Eye For Film >> Movies >> Tales From Earthsea (2006) Film Review
Like the storm-tossed ship with which it opens, Tales From Earthsea has had to face some rather rough waters since its launch. Critics the world over - including two on this site - have allowed it to be overwhelmed by comparisons both to the novels that inspired it, and to the works of its director's celebrated father, Hayao Miyazaki. Taken on its own terms, however, Tales From Earthsea is a seaworthy effort, both as an impressive debut from someone who has never previously worked in animation, and as a fine (if somewhat bewildering) piece of synoptic adaptation.
Comprising a trilogy of novels (The Wizard Of Earthsea, The Tombs Of Atuan, The Farthest Shore) and numerous related short stories, Ursula K Le Guin's Earthsea series takes its place alongside JRR Tolkien's stories of Middle Earth and CS Lewis' Narnia chronicles as one of the most cherished fantasy myths of the 20th century. Miyazaki Senior has long been a devotee of Le Guin, and claims to have copies of her books permanently at his bedside. His Nausicaa: Valley Of The Winds (1984) was made as a result of his failure to secure the rights to adapt her works, and he is on record as stating that all his subsequent films are thoroughly imbued with the ideology found in her writings. The worlds of Le Guin and Ghibli, it seems, have long been intimately connected.
After viewing Howl's Moving Castle (2004), Le Guin came to the conclusion that Hayao Miyazaki was the right man after all to direct an animated version of her fantasy. Hayao, however, felt that he was now too old to take on such a task, and sought her permission for someone younger from his studio to helm the feature. It was only when Ghibli producer Toshio Suzuki settled on Hayao's untested son Goro for the job that Hayao's enthusiasm waned, and he withdrew from the project entirely (even breaking off communications with Goro). Invidious comparisons between the work of father and son had now become inevitable - so much so that Goro chose bravely to encode such Oedipal conflict in the very fabric of the film, introducing his hero Arren as an inexperienced young prince compelled by forces he does not himself comprehend to murder his own father.
Thereafter, Arren flees the kingdom of Enlad and his own dark self, only to find himself torn by two very different substitute fathers, the modest Archmage Sparrowhawk and the immortality-seeking Lord Cob. The struggle between these two men, and Arren's own inner conflict, are both symptom and cure for a world plagued by ills - a world whose balance will eventually be restored as surely as long, dark night is followed by sunrise.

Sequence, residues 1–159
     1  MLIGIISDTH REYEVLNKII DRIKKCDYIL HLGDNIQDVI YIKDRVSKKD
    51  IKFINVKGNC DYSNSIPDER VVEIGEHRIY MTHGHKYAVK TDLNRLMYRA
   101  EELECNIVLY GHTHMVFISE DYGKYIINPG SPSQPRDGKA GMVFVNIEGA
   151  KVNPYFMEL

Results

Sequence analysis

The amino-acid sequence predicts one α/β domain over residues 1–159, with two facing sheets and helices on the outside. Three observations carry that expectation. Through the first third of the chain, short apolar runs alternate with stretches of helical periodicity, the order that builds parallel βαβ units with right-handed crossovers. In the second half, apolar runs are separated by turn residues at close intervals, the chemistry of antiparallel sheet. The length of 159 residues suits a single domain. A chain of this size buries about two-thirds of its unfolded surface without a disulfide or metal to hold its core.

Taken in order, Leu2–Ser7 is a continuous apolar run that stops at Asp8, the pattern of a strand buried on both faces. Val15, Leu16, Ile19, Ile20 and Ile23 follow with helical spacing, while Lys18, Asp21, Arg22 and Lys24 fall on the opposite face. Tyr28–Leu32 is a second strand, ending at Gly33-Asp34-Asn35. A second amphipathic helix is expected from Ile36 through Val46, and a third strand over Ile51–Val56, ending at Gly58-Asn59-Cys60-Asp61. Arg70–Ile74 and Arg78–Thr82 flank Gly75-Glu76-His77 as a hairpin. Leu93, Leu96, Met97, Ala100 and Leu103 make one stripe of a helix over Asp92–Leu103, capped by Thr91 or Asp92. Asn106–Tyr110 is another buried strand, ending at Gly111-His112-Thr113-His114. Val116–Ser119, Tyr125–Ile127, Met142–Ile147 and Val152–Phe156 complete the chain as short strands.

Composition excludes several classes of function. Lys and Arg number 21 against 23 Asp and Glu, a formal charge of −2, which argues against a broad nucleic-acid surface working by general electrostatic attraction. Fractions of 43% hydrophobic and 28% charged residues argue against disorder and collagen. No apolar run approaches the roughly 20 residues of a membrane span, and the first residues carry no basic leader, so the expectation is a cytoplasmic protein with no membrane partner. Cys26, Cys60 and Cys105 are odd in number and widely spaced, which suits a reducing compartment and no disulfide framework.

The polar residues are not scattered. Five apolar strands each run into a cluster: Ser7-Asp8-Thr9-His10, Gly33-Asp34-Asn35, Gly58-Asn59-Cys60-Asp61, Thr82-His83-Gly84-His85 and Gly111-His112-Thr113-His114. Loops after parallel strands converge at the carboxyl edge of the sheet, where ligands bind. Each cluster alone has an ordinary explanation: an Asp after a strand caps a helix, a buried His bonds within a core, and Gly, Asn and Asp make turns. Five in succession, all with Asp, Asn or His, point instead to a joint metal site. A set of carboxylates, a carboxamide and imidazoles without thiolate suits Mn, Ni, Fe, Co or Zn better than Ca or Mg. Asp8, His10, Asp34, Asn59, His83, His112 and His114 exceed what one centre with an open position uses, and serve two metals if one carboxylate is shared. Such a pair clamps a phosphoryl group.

Le Guin fanatics have lined up to deride Goro and his co-writer Keiko Niwa for the liberties taken with their beloved texts - but, in truth, both the film's generalising title, and its claim in the closing credits to have been inspired by 'the Earthsea series' (as well as by a story of his father's, 'Shuna's Journey'), seem an open acknowledgement that Goro's allegiances are to the spirit rather than to the letter of Le Guin's oeuvre. This is no literal adaptation, no overfaithful, overlong epic like Peter Jackson's Lord Of The Rings trilogy, but instead a feature-length cross-section of Earthsea. Arren's adventures with Sparrowhawk are drawn largely (if not slavishly) from The Farthest Shore, but Arren's nightmarish encounters with his own shadow are closer to Sparrowhawk's experiences in The Wizard Of Earthsea, and Lord Cob's dungeons are said explicitly to be "like the Tombs Of Atuan".
Goro's Earthsea, you see, is a composite rather than a copy, and the better for it. If you want the 'real' Earthsea, read the books - but if you want a dragon's eye view of Le Guin's universe, from the luminous riches of Enlad to the worldly decadence of Hort Town, from tempestuous sea to windswept countryside, from cottage to castle, all rendered in the Ghibli house style with an exquisite attention to detail, and presented in a digestible package coming in at under two hours, then Tales From Earthsea is a dream come true. And in the true spirit of Studio Ghibli's finest works, Tales From Earthsea offers an allegorical critique of our own consumerist society (a world out of balance indeed), and also arrives with its fair share of irrationalities and loose ends, ensuring that multiple viewings will be rewarded.
Is Goro a match for his father? Well, no, not yet. The characters here are decidedly flat (although the epicene Cob makes for a winningly louche villain), and a little humour would have brought them some much-needed warmth - even if the story's great earnestness is in itself a commendable rarity. Still, these are early days, and Goro has many decades yet to take over Hayao's mantle - or indeed to forge his own path. The talent is certainly there, if not fully formed, and one suspects that with time Goro will, like Arren, prove worthy to wield his father's sword and to continue his father's bid for immortality. In the meantime, Tales From Earthsea is an estimable enough start to what should be a long career in the magical art of animation.Reviewed on: 04 Feb 2008